The second side starts on a very melancholy note with, "Times are Getting Hard" but picks up with, "Oranges and Blues", a very nice folk rock song. The third track, "15¢ Hamburger Mama" is an upbeat comedy poking fun at the fast food hamburger joints. "A Word From Our Sponsor" is a satire about the Kent State riot of 1970 using the melody from the Kent cigarette commercial and it slides into, "Guarantees". This song is a boogie with a long intro before the vocals start but it has a good beat, which prevents it from being boring, and then it literally drives in the final track, "The Whistle Poem". This is a recital of a humorous poem and it has a nice punch line.
All said this album is worth the listen and makes a fine addition to a vinyl collection.

Sunday, January 13, 2013

Blodwyn Pig - Ahead Rings Out

Blodwyn Pig - Ahead Rings Out
The latest band on the Final Vinyl is the British band, Blodwyn Pig, and I have their debut album, "Ahead Rings Out", it is the American release on A&M Records. The American version has some different songs then the British release.
The first song, "It's Only Love", I can only describe as a boogie with brass. Jack Lancaster plays a solo with a baritone and soprano sax, simultaneously. Track 2, "Dear Jill" is a nice bluesy number followed by, "Walk On The Water" which starts mellow and then goes up tempo. The final track on side one, "The Modern Alchemist" is a jumping, jazzy, jam, very nice.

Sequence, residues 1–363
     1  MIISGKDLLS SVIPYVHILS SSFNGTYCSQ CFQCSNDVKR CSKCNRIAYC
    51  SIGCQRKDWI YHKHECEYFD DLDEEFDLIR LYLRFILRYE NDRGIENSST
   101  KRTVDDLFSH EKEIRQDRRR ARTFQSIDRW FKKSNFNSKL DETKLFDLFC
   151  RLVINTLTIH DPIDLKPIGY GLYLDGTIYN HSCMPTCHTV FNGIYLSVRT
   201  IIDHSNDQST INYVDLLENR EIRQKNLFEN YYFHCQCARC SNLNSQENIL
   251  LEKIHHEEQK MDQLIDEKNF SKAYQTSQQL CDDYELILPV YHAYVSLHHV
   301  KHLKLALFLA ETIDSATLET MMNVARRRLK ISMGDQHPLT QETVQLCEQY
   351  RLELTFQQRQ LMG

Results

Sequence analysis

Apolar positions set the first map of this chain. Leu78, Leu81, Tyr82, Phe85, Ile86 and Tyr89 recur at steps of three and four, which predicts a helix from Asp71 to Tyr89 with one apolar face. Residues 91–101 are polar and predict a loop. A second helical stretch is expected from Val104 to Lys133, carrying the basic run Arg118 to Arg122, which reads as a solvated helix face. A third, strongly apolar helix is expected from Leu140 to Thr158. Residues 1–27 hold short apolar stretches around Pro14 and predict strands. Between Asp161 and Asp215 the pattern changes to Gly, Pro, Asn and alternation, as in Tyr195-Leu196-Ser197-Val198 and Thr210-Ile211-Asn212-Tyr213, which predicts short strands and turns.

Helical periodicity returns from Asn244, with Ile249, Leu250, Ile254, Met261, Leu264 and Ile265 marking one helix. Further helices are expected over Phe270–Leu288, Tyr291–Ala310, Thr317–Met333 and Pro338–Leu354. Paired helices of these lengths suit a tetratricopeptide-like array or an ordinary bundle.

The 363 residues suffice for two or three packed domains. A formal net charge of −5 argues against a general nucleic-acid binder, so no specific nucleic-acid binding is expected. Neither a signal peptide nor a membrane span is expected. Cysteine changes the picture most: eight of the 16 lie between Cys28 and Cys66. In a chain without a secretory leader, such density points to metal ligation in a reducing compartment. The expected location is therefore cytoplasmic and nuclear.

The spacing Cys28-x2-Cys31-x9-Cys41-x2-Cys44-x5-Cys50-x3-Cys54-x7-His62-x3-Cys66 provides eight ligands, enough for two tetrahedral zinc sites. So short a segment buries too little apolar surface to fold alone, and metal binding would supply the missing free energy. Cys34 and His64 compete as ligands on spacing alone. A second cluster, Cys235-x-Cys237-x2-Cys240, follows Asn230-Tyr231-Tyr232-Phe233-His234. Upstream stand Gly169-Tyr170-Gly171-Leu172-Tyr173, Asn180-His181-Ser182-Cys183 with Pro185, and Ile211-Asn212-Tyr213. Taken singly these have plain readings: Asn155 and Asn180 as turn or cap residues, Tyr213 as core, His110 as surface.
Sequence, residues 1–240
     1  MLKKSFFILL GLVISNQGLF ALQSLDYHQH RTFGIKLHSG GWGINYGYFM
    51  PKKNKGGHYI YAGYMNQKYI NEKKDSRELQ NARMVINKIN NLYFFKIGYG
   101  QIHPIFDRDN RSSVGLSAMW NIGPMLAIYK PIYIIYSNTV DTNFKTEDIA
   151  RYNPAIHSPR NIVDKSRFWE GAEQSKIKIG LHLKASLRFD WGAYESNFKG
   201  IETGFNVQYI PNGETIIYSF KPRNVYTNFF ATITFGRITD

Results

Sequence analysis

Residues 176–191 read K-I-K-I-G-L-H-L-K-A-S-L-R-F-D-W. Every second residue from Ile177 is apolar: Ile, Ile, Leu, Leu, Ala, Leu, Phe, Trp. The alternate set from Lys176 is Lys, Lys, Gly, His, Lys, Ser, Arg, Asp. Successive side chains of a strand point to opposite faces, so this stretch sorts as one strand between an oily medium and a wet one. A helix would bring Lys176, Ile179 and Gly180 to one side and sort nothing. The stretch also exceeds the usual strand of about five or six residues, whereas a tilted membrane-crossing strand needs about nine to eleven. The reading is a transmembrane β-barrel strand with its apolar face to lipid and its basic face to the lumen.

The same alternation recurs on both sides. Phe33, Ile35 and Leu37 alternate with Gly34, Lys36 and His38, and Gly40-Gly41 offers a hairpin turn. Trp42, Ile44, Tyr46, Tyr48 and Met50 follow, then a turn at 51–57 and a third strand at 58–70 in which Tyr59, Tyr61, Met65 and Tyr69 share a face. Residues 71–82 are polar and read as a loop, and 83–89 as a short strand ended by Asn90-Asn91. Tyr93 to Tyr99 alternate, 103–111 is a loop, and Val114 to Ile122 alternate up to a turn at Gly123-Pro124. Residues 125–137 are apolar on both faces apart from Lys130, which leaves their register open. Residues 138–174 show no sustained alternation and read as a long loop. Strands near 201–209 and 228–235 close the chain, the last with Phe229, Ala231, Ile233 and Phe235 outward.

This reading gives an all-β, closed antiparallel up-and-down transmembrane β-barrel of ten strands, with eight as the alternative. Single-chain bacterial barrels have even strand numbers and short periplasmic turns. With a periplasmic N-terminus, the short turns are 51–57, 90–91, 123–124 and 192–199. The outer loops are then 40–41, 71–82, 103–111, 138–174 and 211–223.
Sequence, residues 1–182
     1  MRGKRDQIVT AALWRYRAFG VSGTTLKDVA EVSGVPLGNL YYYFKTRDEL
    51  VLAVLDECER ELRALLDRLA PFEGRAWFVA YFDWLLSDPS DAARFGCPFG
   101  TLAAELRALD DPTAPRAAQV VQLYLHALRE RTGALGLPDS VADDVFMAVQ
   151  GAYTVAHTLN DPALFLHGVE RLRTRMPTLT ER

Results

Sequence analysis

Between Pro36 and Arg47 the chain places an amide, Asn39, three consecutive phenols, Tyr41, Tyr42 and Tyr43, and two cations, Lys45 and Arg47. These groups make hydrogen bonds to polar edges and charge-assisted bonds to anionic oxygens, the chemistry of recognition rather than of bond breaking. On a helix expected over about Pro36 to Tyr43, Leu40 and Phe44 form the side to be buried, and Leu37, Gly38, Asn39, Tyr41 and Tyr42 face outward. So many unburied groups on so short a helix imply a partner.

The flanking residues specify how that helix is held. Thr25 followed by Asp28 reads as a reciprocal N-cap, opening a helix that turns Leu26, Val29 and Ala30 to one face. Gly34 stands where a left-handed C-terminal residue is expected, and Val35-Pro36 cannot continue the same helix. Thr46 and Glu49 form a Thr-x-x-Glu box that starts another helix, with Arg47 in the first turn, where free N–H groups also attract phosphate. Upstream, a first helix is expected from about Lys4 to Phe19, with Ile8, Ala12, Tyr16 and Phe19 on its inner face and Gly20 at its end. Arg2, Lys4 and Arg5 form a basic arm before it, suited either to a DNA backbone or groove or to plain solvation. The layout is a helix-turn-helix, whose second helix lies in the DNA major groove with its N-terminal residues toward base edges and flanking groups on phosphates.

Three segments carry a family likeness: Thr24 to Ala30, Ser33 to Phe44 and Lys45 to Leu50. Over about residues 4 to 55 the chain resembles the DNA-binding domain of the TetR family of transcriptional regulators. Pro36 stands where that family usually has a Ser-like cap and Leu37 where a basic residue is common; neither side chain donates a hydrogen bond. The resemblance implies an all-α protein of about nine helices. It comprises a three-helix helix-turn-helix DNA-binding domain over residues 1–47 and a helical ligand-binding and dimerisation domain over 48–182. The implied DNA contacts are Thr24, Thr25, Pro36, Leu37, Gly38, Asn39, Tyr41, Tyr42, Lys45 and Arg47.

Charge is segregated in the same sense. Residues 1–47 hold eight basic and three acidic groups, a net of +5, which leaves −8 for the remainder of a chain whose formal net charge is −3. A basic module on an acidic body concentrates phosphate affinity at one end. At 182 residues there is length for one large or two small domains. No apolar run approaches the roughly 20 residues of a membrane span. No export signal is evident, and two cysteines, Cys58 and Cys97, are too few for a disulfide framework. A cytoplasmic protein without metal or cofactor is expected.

Side two starts with "See My Way", a good rocking tune, and is followed by the track, "Summer Day". It has a riff which is very similar to a Spooky Tooth song. "The Change Song" is a nice acoustic number with some verbal comments at both ends. "Backwash" is fifty-one seconds of mellow acoustic guitar and flute which leads into the final track, "Ain't Ya Coming Home?", the publisher omitted the word, babe, from the end of the title. This is my favorite cut on the album, it is heavy and driving, not your standard three chord 4/4 beat.
This album is a definite, listen to it more than once, gem.

Thursday, January 10, 2013

Updating the Final Vinyl Blog